OCEAN CITY, Md. --
The U.S. Army Corps of Engineers, Baltimore District (USACE), in coordination with the Maryland Department of Natural Resources (DNR) and Worcester County, is hosting a hybrid public meeting Aug. 17, 2021, at the Worcester County Library – Berlin Branch at 13 Harrison Ave., from 7 – 8:30 p.m. This public meeting provides an opportunity to discuss two concurrent efforts: a navigation improvement project to address sediment accumulation in the Ocean City Inlet and a study on the scour hole near Homer Gudelsky Park.
For in-person attendees, from 6:30 – 7 p.m., there will be an open house where participants can view informational posters, provide feedback and speak with project personnel. From 7 – 8 p.m., there will be a formal presentation to provide an overview of the projects and open the floor for questions. The meeting will wrap up at 8:30 p.m., allowing in-person attendees to again view materials, and speak with USACE and State employees about specific concerns following the presentation.
The library is adhering to COVID-19 safety restrictions, including mandatory masking, regardless of vaccination status. The meeting room will also be capped to 50 attendees. Social distancing to the extent possible is also requested.
Virtual Public Meeting Details:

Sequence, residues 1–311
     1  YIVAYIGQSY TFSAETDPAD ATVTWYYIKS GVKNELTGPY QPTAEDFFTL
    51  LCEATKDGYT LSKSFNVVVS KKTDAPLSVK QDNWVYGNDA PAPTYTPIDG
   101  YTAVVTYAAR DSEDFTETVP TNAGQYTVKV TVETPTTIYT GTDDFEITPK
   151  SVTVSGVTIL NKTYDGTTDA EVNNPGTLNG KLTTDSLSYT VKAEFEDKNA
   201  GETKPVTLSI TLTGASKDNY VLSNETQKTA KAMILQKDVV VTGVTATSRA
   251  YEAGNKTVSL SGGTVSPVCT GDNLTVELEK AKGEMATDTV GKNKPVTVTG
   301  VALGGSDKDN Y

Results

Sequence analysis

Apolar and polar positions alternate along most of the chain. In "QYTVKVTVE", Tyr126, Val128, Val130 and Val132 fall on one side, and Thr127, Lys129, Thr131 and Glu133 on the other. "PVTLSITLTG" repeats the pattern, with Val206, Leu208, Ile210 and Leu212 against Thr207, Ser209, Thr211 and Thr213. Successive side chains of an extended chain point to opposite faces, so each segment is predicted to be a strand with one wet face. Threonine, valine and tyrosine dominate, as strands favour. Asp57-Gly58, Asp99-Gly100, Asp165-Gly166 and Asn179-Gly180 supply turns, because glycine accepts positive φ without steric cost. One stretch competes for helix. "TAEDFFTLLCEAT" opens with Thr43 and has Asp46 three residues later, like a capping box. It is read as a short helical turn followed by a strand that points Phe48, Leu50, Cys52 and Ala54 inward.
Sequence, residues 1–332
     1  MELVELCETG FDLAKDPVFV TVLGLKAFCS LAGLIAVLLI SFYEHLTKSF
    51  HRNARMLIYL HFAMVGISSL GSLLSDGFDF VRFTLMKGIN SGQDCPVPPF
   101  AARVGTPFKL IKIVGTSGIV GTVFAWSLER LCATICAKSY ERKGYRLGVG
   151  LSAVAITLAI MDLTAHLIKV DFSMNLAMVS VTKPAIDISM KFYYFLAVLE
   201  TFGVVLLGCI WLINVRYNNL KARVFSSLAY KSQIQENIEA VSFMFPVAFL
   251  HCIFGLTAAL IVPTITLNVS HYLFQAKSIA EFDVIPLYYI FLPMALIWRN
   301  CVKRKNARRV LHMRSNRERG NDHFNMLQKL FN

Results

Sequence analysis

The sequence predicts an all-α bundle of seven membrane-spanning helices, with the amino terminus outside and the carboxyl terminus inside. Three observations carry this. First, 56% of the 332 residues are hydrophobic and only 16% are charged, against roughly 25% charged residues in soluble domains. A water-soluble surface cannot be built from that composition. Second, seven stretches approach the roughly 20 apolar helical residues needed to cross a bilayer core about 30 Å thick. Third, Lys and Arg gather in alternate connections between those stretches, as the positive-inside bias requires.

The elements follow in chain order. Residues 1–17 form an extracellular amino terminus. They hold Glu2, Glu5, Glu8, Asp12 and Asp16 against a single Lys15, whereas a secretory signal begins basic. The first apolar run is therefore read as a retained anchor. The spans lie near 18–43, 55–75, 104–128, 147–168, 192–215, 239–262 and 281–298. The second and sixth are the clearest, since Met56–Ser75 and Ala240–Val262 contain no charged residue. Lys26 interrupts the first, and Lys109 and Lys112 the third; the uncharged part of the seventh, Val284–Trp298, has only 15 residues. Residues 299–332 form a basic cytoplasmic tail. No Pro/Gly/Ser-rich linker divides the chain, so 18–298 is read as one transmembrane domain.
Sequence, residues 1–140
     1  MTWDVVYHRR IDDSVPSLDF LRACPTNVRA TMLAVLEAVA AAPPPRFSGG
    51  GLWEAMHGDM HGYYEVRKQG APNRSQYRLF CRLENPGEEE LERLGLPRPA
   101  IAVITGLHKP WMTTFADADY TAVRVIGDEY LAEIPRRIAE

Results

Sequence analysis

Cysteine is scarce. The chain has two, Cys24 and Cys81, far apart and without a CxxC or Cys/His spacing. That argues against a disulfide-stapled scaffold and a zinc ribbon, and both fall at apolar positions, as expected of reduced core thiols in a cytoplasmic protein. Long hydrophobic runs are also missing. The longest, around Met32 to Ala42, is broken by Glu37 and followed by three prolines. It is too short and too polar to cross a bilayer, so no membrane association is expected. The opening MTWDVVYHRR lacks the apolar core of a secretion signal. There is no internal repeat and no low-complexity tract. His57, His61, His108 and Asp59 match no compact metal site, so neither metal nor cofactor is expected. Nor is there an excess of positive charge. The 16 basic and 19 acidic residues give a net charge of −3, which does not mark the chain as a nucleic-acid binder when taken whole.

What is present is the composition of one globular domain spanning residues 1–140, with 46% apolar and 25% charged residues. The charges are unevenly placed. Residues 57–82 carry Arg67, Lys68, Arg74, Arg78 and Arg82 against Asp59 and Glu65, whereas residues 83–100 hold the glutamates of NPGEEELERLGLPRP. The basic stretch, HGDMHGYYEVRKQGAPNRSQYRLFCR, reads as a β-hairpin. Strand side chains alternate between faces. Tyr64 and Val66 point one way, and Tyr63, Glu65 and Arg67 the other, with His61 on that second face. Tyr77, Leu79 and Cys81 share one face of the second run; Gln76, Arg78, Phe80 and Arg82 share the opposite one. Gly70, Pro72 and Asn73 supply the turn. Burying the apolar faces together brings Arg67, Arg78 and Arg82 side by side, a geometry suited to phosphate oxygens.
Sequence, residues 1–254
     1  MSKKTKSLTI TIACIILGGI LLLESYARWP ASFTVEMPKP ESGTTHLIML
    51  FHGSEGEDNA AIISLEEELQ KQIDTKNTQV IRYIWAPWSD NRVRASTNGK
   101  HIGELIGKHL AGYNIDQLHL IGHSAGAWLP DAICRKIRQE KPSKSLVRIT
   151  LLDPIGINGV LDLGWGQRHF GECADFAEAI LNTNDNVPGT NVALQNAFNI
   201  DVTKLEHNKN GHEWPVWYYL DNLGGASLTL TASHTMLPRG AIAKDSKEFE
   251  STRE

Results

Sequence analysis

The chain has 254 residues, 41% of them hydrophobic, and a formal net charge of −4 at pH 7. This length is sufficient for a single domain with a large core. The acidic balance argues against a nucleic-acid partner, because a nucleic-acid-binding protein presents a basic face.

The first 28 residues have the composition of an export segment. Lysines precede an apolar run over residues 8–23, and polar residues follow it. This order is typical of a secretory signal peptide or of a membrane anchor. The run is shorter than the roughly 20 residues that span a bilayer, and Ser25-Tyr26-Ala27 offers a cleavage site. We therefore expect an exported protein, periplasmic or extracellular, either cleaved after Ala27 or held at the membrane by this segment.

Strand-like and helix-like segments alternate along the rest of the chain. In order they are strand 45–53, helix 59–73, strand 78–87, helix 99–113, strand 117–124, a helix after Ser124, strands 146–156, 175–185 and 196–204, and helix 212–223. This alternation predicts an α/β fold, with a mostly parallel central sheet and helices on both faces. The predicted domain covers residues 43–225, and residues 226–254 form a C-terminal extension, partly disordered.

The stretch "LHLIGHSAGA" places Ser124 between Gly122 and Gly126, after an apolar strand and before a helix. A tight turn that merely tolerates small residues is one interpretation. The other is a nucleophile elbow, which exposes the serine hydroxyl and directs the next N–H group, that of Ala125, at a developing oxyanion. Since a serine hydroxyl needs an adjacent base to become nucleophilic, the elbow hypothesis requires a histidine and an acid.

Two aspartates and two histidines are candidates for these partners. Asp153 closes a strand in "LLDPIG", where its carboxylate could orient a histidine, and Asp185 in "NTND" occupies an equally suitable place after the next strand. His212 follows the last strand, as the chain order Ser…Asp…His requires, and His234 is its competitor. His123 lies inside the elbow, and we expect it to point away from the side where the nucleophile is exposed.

The Ocean City Inlet navigation channel is regularly used by commercial fishermen, recreational boaters, the U.S. Coast Guard, and others. USACE removes material from the inlet through dredging two or more times per year to maintain the channel's authorized depth of 10 feet. However, it continues to fill in with material, creating concerns for navigation.
USACE signed a project partnership agreement in 2019 with Maryland DNR and Worcester County for the Ocean City Harbor and Inlet navigation improvement project. In this 90 percent federally funded project, USACE evaluated sediment transport in the inlet and will recommend options to manage the shoaling, including channel realignment and extension of breakwaters on northwestern Assateague Island.
The study on the approximately 50-foot-deep scour hole is 100 percent federally funded. Field investigation has concluded on this effort, and the team has used modeling to evaluate sediment movement. The team is currently evaluating options for filling in or capping the scour hole.
For more info, visit the Ocean City Inlet project web page.